Site helps teachers hook up with a 'sugar daddy'

A back-to-school supplies check list at the Staples in Union Square in New York.

Seeking Arrangement, which calls itself the 'elite sugar daddy dating site,' says almost 40,000 teachers use its site to make up for falling salaries and pricey supplies.

Funding for teachers' salaries and classroom supplies is typically thought of as the burden of a city and state or federal government's budgets, not the bank roll of a "sugar daddy."

But with typically low salaries and school supplies dwindling a new website claims that it is helping teachers with a novel solution to their fiscal problems. Seeking Arrangement connects younger men and women with "generous" older companions seeking a "mutually beneficial relationship." The site's CEO says public school teachers constitute a sizable chunk of the website's membership, using their "mommy" or "daddy's" gifts to help pay the rent as well as pay for school supplies.

"Teachers are placed under enormous pressures to mold the young minds of tomorrow but are expected to do so with less wages than their peers and by working longer hours," Seeking Arrangement CEO Brandon Wade said in a press release. He said 40,000 teachers use the site, typically asking for $3,000 per month in financial assistance. 

"Then those same teachers are forced to work in underfunded schools and marginally supplied classrooms," he added. "You can’t expect a teacher to accept less pay for more work than their peers and then reach into their pockets to fund your child’s classroom."

Whether or not this is a ploy by a company to make headlines, the data suggest that every teacher could in fact use a "sugar daddy" of one kind or another. Citing data from the Economic Policy Institute, Seeking Arrangement said that female teachers' salaries fell at a rate of 18.5 percent compared to other similarly educated and experienced workers from 1979 to 2013. The average salary for a starting teacher is $30,377, according to the National Education Association. At the same time, teachers often contribute significantly to the amount and quality of school supplies in their classroom. According to the Boston Globe, 97 percent of teachers use their own money to pay for supplies. The average teacher spends nearly $500 per year on school supplies.

According to Adopt a Classroom, a nonprofit that connects teachers and school supply donors, two-thirds of teachers also buy food for their students to satisfy their basic nutritional needs, often times when they're already enrolled in subsidized lunch programs. One-third of all teachers purchase clothing for students, and one-fifth pay for students' "personal care" items such as toothbrushes.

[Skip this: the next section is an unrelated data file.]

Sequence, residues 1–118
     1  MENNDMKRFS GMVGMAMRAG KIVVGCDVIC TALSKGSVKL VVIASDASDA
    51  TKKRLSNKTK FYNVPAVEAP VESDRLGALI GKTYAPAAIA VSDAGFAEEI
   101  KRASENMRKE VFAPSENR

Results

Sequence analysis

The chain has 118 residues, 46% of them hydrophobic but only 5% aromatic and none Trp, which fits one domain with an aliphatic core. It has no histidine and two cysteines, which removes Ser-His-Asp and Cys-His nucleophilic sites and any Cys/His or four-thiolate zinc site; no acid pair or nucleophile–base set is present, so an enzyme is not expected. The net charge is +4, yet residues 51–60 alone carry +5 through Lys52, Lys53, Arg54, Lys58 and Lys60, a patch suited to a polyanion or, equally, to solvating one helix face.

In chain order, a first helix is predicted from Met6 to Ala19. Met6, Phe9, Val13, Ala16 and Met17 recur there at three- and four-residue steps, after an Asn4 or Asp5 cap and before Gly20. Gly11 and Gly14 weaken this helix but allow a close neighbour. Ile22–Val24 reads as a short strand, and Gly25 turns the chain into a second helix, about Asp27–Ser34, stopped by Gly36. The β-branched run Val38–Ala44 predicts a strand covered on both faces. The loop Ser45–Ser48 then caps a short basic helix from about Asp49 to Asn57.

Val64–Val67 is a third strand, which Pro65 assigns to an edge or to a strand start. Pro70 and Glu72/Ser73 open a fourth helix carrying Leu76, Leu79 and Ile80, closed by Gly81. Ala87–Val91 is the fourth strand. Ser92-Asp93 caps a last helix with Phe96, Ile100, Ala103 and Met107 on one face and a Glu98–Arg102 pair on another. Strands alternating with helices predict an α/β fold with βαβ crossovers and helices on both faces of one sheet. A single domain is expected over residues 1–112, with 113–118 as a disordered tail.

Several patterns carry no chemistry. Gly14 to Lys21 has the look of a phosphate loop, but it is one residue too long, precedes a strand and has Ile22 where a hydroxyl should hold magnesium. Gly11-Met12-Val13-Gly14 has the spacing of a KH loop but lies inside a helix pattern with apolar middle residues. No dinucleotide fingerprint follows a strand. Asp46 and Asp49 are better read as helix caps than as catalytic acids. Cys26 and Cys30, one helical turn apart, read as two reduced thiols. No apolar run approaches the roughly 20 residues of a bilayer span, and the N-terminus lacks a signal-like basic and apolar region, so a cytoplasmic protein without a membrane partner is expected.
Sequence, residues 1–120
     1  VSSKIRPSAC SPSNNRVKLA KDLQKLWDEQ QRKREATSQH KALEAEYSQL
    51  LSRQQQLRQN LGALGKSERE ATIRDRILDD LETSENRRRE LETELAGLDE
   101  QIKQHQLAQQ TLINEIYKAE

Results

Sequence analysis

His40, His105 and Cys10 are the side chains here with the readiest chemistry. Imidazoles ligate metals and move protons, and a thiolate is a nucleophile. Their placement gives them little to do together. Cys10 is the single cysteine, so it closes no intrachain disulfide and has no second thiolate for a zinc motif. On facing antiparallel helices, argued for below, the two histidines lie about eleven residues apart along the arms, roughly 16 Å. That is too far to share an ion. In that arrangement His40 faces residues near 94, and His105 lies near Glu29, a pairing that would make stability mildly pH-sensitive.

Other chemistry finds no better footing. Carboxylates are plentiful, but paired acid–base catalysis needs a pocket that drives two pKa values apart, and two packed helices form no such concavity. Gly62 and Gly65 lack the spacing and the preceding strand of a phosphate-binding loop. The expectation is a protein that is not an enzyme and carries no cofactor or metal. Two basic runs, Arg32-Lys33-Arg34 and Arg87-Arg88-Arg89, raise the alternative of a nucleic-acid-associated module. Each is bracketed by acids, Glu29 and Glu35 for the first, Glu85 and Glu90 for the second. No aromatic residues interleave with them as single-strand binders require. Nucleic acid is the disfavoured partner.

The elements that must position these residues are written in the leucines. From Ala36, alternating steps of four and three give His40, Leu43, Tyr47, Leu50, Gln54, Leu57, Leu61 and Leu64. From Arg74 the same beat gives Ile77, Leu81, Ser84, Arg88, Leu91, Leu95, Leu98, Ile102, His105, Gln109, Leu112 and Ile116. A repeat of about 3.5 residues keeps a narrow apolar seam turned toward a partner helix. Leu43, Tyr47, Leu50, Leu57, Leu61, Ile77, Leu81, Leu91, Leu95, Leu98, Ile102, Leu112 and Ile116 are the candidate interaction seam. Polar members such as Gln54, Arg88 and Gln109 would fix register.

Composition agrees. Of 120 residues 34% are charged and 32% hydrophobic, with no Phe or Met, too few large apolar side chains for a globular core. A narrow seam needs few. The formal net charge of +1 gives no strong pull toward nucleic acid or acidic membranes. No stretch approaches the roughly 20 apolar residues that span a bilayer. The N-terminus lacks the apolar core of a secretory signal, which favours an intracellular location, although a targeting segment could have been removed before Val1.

Seeking Arrangement says the schools below are the top five school districts for "sugar teachers." We took a look at what the teachers in those districts make and the challenges facing the area.

1.The School District of Philadelphia

  • Philadelphia teachers make, on average, $68,000 annually, according to the Commonwealth Foundation.
  • Philadelphia teachers' plight is emblematic of larger educational strife — there, and elsewhere in the U.S., educators are being asked to work longer hours for less money and less benefits. Their salaries have dropped by as much as 13 percent in certain cases, according to a teacher writing Philly.com. Many have lost dental and health coverage and experienced higher co-pays.

 

2. Miami-Dade County Public Schools

  • While wages for educators have fallen across Florida, they've actually increased in Miami-Dade County. From 2007 to 2012, according to the Florida Department of Education, the average salary for a teacher in the Miami-Dade rose from $50,737 to $54,455.
  • This school year, Florida Gov. Rick Scott increased a stipend for school teachers to spend on classroom supplies to $250 and placed the money on a debit card. Many districts balked at the offer because the cards would be distributed in September, after many of the teachers had already purchased supplies in August, the Miami Herald reported. Since 1998, Florida has distributed supply stipends to teachers.

 

3. Los Angeles Unified School District

  • Los Angeles public school teachers make an average salary of $67,600, CBS Chicago reported.
  • California law AB 1575, which took effect at the beginning of 2013, reinforces the California Constitution's guarantee of a free public education. It largely prohibits schools from charging fees for school supplies or requiring students to purchase them on their own.

 

4. Clark County School District, Las Vegas

  • Clark County public school teachers receive an average salary of around $67,000, according to the Las Vegas Sun.
  • The Las Vegas-based Public Education Foundation has created a Teacher Exchange where educators can receive supplies for free or steeply reduced prices. According to NBC3, they can receive a ream of paper, normally valued at around $7, for $1.

 

5. New York Public School System 

  • Seeking Arrangement told the New York Daily News that 472 female teachers in New York have signed for the service since 2012.
  • Teachers in New York make an average salary of around $73,751, largely because of the higher cost of living there, CBS Chicago reported.

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